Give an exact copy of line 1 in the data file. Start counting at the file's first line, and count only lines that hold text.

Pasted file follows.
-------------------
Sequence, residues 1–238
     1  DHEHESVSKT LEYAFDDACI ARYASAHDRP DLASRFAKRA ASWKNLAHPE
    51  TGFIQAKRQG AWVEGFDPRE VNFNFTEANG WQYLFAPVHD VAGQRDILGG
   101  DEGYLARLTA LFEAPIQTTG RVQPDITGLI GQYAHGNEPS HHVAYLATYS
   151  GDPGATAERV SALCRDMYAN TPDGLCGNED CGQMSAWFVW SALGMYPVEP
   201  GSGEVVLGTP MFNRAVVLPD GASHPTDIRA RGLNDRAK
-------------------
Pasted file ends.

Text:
Sequence, residues 1–238